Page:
Getting primary custody of a child is very subjective. It will depend on what county your case is in and who the judge is. You can present your case and reasons why custody should change but that does not always guarantee that the judge will see it like you do. Please understand that in Texas, the judge is required to determine what is in the "best interest of the child." Since the child is only 5 years old, the child will not have a say in this matter. The judge will have to base his/her decision on the facts that you and the ex-wife present. Thus, your job is to bring out all the reasons why the child will suffer by remaining in her mother's care for a majority of the time. You will need to be prepared to show how your residence and living situation will be beneficial to the child. If the grandparents are brought in as witnesses to show that she leaves the child with them frequently and you can show that the same would not happen with you, then that would be in your favor.
Unfortunately, I cannot give you a straight answer but understand that a carefully crafted case goes a long way when trying to change primary custody of a child.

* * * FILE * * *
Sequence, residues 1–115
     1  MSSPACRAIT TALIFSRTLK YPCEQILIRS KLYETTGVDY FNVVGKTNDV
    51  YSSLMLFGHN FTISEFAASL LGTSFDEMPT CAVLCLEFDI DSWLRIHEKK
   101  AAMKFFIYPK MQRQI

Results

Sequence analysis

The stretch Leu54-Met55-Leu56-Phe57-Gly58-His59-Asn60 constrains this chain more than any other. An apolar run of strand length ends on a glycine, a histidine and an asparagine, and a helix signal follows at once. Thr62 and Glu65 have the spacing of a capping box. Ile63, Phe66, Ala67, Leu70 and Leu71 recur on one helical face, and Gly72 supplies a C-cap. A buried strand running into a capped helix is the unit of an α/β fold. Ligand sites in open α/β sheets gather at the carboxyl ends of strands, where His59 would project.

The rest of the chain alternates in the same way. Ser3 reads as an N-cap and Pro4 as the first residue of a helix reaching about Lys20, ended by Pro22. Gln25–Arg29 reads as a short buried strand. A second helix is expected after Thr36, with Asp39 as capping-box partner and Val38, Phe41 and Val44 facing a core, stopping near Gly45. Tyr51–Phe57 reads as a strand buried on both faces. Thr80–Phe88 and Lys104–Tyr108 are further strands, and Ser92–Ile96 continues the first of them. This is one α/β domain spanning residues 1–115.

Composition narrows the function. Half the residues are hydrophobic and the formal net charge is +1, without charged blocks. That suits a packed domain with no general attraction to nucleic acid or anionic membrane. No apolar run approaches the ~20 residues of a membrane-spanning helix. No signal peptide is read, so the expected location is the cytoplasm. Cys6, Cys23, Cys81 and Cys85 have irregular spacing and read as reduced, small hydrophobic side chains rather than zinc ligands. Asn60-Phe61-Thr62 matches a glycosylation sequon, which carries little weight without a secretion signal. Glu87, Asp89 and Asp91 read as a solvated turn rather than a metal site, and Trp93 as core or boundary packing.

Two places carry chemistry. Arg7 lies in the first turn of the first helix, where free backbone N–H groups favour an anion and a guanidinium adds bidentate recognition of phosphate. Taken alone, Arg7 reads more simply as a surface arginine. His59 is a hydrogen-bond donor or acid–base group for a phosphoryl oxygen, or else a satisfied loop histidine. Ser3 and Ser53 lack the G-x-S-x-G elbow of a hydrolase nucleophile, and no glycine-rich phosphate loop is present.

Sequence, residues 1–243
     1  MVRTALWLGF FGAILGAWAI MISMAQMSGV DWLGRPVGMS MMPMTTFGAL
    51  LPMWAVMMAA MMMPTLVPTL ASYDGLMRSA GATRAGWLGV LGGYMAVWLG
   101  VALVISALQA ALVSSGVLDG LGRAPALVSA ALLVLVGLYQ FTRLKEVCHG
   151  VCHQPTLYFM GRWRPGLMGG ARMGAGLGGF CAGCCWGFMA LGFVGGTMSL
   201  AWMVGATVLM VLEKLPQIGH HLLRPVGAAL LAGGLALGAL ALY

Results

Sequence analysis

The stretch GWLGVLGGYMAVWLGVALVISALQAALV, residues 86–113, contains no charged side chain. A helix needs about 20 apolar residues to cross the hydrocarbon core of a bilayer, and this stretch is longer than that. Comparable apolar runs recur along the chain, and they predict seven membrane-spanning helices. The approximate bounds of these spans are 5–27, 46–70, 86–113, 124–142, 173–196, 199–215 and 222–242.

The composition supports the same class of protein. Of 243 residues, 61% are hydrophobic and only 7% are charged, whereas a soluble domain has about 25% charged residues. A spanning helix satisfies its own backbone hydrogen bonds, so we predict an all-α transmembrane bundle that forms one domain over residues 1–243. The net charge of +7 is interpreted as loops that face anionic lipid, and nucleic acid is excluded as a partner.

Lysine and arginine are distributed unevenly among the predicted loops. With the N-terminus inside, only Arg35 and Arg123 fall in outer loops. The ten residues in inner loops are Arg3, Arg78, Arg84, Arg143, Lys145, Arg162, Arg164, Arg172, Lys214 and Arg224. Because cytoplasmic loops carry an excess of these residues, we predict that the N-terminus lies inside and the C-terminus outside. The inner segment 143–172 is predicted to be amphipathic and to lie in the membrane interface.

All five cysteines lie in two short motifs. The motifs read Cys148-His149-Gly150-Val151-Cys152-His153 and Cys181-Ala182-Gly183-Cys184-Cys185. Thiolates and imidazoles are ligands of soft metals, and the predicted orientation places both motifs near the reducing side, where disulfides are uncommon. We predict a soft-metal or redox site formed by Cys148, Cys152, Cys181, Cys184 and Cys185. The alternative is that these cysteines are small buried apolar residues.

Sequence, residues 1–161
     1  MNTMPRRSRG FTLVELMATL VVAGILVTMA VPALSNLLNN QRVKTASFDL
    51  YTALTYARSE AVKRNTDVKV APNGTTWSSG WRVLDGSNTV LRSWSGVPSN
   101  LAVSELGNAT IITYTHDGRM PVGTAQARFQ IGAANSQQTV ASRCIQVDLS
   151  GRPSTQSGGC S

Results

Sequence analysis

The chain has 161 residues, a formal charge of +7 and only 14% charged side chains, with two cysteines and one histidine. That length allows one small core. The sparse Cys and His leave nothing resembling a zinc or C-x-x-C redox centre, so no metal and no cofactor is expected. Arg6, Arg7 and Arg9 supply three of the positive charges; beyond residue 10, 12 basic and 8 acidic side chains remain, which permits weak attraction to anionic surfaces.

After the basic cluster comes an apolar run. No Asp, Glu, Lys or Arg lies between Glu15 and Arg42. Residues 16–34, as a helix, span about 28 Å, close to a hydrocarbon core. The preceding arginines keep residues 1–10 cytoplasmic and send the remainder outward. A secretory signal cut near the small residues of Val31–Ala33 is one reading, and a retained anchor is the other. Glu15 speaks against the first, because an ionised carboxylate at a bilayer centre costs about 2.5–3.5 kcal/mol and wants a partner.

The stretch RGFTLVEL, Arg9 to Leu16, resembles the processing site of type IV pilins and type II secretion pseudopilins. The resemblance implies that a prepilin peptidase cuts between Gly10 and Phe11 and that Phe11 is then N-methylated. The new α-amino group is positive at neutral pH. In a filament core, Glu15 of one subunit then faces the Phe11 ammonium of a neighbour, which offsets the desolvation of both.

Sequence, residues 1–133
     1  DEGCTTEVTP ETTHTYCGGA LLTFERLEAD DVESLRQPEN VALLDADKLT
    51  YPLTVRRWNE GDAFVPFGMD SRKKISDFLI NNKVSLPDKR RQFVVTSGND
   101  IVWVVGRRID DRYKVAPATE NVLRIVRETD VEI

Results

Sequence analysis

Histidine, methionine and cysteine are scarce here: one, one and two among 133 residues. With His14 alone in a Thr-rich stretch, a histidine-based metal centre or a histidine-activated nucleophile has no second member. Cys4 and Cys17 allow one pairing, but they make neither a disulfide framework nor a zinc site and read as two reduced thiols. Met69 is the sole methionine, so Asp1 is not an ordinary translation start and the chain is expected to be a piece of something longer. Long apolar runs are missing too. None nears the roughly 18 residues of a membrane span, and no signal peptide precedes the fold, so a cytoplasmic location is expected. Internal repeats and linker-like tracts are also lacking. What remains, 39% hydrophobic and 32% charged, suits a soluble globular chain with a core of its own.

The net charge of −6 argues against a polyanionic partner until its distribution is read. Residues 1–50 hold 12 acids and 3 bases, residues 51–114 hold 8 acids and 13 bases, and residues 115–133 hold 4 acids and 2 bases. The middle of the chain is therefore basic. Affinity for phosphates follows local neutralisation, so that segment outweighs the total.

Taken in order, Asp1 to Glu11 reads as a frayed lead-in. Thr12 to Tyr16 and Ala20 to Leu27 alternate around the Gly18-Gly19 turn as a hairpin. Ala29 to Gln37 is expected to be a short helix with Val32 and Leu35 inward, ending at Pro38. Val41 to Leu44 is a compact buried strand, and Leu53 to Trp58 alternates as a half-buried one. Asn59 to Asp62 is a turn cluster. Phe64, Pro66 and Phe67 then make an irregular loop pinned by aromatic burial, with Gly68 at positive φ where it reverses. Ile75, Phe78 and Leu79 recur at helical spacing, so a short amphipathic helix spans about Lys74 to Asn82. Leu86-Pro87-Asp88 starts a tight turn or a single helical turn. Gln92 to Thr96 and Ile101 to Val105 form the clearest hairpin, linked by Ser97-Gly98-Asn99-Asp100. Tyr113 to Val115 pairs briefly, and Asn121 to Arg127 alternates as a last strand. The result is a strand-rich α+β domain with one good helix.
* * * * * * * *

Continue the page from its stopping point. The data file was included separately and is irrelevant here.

I am not certain how you personally define "primary" custody, but I am guessing that you mean you would like to be the parent whom the child lives with on a day to day basis. Whether or not you can change primary custody depends on many factors. The most important will be whether or not your request to change custody is in the best interests of your daughter. "Best interests" is not clearly defined by statute and will vary from case to case. Another factor to consider is how long it has been since you and your ex-wife entered into the parenting agreement you have now, and whether or not there has been a significant change in circumstance to warrant an early revision if it has been less than 3 years. The Courts are most interested in the safety and welfare of your child, so if you believe that the current arrangement is potentially dangerous to your child's mental or physical health, you are always entitled to ask for the court's assistance so as to avoid any harm.
Good luck to you and your daughter. If you have any further questions or would like to discuss your case in greater detail, feel free to contact me. My contact information is available on Avvo and also through the website link below.